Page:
Synopsis: "In It!, a London museum's eerie Golem statue is awake and ready to do its master's bidding. Roddy McDowall (Planet of the Apes) portrays a museum assistant - and a mama's boy living with dear ol' mum's corpse! - who wills the monster to destroy his rivals. Can the military's nuclear might stop this madman and his power binge? See It! in full, terrifying action."

It (1990)
Dir: Tommy Lee Wallace
Synopsis: "Based on King's 1986 bestseller, It is a jittery, jolting excursion into personal fear starring Harry Anderson, Annette' O'Toole, John Ritter, and Richard Thomas. A malevolent force in a small New England town takes the shape of a clown (Tim Curry), but he's not clowning around. Instead, he terrifies youngsters and brings some to their untimely doom- until some wily kids fight back. The evil resurfaces 30 years later: meaner, angrier, deadlier. And friends who vividly remember youthful terrors reunite to battle It."

Advantage: It (1966)

Okay, 1990 loses its steam quite a bit when the final battle takes place not against Pennywise the clown, but Pennywise the giant spider. Such a letdown. The 1966 version wins a few points with its preposterous ending: Apparently a nuclear detonation covers less than a ten mile radius. Perhaps the British army hid in a fridge?

Black Sheep (1996/2006)

Black Sheep (1996)
Dir: Penelope Spheeris
Synopsis: “Meet Mike Donnelly (Chris Farley). He's one lovable, hilarious accident waiting to happen. Dedicated to helping his big brother Al (Tim Matheson) win the race for Washington State Governor, he turns every opportunity for votes into an embarrassing disaster.

”Campaign aide and super slacker Steve Dobbs (David Spade) volunteers to baby-sit Mike. Big mistake! When Mike discovers that the incumbent governor is a crook, he dives headfirst into a whole new level of well-intended destruct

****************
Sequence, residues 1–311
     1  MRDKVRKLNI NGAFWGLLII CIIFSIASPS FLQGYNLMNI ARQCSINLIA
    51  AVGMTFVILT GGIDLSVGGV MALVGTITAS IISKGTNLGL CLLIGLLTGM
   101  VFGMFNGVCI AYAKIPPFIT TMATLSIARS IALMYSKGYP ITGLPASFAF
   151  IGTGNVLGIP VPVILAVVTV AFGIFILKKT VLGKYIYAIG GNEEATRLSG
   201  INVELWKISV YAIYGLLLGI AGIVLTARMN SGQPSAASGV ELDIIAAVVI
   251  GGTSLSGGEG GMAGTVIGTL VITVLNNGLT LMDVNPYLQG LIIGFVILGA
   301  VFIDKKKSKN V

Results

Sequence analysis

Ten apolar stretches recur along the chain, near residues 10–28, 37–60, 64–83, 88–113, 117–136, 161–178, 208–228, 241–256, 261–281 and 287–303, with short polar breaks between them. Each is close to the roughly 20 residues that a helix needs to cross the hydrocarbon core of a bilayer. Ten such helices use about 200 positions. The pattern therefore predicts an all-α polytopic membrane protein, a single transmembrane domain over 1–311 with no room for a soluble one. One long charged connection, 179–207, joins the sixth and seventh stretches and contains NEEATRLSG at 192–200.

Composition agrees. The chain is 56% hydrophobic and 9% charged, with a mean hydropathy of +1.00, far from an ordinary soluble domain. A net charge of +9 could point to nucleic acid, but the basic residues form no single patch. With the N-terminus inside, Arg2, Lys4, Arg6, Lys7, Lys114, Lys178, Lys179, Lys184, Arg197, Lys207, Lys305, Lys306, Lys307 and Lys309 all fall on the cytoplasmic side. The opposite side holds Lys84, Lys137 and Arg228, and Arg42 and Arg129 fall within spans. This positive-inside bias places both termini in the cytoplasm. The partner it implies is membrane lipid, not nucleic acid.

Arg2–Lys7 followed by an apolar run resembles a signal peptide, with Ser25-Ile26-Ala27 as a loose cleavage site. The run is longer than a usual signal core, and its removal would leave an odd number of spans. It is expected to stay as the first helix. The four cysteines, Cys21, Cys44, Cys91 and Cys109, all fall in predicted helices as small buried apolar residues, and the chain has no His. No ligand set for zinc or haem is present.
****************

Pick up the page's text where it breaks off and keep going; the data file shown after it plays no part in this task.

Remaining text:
Black Sheep (2006)
Dir: Jonathan King
Synopsis: "'Rife with bloody gore and funny gags' (Sam Adams, Los Angeles Times) Black Sheep is a gruesomely twisted horror/comedy about mutant flesh-eating sheep run amok in rural New Zealand. When sheep-aphobic Henry returns to sell his share of the family farm, he finds his brother has been genetically altering animals. The resulting monsters go on a murderous rampage, and it's up to Henry to stop them. With frighteningly grotesque effects courtesy of Peter Jackson's WETA workshop, Black Sheep is a frenzy of severed limbs and manic mutton definitely 'not for the weak of stomach' (Elizabeth Weitzman, New York Daily News)."

Advantage: Black Sheep (2006)

Walk, don’t run, to your local Wal-Mart and snap up a copy of this on DVD, and it should be in the $9 movie racks. The movie is really amusing, sort of an homage to the Romero/ Fulci zombie films, except with sheep. And there are tons of sheep in this movie too. This is a film that stands to be recognized as a genre cult classic, the likes of “Dead Alive,” “Return of the Living Dead,” “Night of the Creeps,” “Evil Dead,” et cetera. The cast brings a sense of urgency to the admittedly absurd-appearing events, and from fade in to fade out you’ll definitely find something to enjoy. As for the 1996 film, not so much; Farley plays the same character he played on every episode of Saturday Night Live where he appeared, and Spade shows signs of why he’s not experiencing the same success as Sandler, Farrell, or even Schneider.